In 1925, Lewis was appointed fellow and tutor at Magdalen College, England, where he gave lectures on English literature[3†]. His early life and education laid the foundation for his later works and contributions to literature and Christian apologetics.

Career Development and Achievements

C. S. Lewis was a scholar and professor of English literature with positions at both Magdalen College, Oxford (1925–1954), and Magdalene College, Cambridge (1954–1963)[2†][1†]. He held academic positions in English literature at both institutions[2†][1†]. His career as a scholar was interrupted by his service as a second lieutenant in the English army during World War I[2†]. After being wounded in the war, he returned to Oxford, where he was appointed lecturer at University College in 1924[2†].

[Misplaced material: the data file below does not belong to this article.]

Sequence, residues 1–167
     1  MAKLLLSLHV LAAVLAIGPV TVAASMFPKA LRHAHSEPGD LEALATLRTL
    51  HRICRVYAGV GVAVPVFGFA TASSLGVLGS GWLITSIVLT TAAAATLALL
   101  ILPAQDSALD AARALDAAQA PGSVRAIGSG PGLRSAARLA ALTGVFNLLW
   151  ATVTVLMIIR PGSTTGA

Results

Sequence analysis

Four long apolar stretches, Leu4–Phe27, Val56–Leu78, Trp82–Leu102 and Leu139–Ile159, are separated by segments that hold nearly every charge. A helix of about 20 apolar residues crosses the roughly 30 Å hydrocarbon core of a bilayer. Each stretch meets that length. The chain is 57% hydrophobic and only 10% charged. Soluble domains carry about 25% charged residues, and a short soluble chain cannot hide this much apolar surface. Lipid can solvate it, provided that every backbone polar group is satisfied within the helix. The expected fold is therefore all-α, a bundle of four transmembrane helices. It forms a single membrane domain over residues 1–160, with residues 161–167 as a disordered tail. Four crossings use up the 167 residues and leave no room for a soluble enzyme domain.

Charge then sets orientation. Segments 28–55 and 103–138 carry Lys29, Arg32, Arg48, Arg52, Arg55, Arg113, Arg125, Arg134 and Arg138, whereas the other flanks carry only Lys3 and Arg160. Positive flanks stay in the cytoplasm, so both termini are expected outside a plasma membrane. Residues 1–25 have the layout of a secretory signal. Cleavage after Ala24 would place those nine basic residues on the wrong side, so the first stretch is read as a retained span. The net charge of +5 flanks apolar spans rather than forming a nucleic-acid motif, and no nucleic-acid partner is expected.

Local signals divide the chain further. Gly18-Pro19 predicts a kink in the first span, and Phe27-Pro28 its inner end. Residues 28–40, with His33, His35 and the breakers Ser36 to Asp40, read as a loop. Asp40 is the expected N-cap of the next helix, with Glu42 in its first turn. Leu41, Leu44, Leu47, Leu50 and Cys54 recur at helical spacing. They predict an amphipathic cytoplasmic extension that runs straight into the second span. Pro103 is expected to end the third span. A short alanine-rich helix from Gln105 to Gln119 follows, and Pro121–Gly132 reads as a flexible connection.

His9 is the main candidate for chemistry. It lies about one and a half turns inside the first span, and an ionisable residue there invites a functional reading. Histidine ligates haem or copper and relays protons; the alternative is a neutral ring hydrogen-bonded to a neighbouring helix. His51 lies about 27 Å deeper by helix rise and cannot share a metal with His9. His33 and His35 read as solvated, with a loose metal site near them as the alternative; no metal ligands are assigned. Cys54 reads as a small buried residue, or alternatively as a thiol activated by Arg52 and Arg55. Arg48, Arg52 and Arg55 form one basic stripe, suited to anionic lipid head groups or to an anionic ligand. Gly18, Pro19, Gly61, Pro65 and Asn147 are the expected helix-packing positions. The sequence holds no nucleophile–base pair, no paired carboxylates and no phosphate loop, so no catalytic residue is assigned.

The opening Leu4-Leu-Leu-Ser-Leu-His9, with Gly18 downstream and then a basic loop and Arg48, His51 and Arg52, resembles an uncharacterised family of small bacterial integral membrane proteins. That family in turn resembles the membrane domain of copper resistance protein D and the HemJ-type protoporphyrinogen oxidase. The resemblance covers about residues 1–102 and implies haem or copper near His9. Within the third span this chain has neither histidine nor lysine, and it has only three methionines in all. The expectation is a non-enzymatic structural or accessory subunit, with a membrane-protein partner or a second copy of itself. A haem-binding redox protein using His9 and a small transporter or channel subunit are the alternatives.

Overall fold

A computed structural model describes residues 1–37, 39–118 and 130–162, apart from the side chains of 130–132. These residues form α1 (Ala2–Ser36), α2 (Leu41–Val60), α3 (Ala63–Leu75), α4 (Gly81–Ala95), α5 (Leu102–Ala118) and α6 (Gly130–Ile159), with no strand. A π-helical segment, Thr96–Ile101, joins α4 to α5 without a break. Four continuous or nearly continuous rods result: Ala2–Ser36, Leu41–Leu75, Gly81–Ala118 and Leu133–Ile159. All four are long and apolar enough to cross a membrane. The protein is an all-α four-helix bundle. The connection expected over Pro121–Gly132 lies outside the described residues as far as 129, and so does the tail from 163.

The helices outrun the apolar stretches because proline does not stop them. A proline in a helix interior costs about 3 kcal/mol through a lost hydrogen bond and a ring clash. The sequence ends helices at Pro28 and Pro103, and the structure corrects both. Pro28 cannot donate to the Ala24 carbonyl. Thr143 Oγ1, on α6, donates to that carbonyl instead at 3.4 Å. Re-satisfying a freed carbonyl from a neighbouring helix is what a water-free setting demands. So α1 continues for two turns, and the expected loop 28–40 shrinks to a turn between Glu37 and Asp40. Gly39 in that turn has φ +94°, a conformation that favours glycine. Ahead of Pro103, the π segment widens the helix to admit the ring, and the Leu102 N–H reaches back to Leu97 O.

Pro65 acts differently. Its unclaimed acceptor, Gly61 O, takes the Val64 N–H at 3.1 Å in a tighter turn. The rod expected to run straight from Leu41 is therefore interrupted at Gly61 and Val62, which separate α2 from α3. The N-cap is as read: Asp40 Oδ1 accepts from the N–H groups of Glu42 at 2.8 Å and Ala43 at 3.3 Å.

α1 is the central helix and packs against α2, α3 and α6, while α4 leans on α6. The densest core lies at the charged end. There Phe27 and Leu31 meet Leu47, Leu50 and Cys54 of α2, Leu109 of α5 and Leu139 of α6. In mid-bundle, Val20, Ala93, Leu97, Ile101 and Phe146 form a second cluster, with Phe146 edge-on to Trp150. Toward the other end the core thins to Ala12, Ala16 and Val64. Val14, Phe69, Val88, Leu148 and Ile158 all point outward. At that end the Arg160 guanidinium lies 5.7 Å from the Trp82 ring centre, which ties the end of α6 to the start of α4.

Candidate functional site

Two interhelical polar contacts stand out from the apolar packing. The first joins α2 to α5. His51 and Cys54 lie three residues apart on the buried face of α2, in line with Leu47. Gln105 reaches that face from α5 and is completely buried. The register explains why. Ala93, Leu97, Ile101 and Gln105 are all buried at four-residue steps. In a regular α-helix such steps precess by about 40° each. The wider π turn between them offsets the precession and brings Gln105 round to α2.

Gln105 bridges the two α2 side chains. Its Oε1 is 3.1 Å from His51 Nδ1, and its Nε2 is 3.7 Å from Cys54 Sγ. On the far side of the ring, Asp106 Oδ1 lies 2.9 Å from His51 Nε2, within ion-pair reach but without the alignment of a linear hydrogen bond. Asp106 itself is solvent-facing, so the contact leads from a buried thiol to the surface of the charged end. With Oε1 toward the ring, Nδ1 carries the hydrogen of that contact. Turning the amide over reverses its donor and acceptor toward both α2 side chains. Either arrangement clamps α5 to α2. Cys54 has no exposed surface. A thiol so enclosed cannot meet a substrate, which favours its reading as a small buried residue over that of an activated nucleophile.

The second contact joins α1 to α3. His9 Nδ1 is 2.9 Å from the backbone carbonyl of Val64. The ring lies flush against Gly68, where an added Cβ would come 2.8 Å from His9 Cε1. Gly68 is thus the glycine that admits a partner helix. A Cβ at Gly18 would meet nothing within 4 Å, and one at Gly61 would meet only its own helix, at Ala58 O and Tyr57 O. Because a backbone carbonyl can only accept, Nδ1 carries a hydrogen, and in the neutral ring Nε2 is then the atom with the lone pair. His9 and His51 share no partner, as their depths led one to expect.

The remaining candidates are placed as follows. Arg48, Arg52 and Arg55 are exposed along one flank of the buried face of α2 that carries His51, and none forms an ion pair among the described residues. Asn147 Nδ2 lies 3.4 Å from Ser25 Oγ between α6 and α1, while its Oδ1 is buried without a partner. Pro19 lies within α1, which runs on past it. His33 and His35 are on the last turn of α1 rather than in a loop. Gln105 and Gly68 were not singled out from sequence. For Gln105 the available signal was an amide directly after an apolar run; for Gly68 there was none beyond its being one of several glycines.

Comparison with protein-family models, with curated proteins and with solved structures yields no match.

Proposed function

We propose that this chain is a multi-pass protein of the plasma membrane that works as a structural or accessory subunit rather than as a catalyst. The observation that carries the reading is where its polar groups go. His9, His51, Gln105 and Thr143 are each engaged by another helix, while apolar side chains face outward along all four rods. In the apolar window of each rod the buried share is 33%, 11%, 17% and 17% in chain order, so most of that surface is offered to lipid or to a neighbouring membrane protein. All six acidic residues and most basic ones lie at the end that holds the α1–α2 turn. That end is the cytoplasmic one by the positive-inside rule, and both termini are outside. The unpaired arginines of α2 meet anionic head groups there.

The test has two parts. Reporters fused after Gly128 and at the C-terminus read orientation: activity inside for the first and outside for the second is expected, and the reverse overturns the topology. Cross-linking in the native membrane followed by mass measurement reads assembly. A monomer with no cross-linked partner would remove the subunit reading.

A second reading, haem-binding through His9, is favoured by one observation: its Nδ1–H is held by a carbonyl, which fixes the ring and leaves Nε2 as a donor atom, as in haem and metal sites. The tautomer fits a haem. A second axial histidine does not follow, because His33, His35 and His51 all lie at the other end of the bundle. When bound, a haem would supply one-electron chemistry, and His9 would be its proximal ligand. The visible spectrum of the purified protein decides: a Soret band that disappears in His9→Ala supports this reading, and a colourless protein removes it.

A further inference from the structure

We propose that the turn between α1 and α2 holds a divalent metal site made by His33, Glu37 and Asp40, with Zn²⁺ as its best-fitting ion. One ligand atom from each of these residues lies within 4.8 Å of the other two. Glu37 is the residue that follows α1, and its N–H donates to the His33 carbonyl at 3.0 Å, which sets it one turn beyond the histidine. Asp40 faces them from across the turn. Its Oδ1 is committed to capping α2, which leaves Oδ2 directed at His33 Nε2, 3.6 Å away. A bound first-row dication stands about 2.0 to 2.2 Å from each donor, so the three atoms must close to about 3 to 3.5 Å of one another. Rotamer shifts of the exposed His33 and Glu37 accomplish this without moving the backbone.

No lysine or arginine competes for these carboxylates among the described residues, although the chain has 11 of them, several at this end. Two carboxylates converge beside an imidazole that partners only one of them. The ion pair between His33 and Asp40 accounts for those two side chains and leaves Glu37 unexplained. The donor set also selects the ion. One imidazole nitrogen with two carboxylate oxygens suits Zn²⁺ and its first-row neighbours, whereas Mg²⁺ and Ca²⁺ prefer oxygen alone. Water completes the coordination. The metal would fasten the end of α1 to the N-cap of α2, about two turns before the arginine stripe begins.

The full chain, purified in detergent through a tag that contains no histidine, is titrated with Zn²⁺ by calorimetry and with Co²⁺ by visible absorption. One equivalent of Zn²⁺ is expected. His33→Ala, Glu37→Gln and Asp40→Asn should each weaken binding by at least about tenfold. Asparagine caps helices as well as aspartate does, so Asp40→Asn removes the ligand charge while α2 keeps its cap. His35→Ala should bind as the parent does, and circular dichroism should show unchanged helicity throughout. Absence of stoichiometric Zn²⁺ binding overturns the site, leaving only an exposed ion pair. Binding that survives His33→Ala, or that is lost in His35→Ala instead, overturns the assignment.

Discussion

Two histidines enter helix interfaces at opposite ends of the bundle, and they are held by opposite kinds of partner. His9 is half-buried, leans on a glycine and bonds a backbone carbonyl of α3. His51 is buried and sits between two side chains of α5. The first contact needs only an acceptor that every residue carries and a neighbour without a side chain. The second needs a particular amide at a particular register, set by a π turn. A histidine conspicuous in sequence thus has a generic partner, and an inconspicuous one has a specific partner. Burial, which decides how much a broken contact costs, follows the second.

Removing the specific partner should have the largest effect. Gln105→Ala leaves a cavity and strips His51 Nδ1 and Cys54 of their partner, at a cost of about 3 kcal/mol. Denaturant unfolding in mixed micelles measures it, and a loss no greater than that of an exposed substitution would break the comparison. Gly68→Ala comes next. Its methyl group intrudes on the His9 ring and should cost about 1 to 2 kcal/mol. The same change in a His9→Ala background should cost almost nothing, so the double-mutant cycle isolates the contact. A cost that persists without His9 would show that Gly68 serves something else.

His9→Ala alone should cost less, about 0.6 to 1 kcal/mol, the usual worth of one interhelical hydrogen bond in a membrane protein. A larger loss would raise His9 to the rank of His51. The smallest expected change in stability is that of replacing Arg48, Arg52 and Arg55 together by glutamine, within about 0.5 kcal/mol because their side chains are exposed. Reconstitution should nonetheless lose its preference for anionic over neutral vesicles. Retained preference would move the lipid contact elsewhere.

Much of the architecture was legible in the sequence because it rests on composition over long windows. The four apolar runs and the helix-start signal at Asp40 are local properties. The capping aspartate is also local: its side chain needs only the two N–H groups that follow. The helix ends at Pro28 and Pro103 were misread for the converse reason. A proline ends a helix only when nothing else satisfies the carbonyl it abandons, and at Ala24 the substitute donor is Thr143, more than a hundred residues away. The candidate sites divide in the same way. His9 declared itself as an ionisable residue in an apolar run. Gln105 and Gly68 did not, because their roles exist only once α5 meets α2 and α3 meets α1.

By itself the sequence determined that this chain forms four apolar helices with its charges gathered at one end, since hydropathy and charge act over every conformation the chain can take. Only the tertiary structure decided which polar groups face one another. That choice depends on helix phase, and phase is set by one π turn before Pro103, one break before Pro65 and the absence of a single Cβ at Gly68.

Lewis wrote more than 30 books, which have been translated into more than 30 languages and have sold millions of copies[2†][1†][5†]. His works continue to attract thousands of new readers every year[2†][5†]. His most distinguished and popular accomplishments include Mere Christianity, Out of the Silent Planet, The Great Divorce, The Screwtape Letters, and the universally acknowledged classics in The Chronicles of Narnia[2†][5†].

The books that make up The Chronicles of Narnia have sold the most and have been popularized on stage, TV, radio, and cinema[2†][1†]. His philosophical writings are widely cited by Christian scholars from many denominations[2†][1†]. Lewis was a close friend of J. R. R. Tolkien, author of The Lord of the Rings[2†][1†]. Both men served on the English faculty at Oxford University and were active in the informal Oxford literary group known as the Inklings[2†][1†].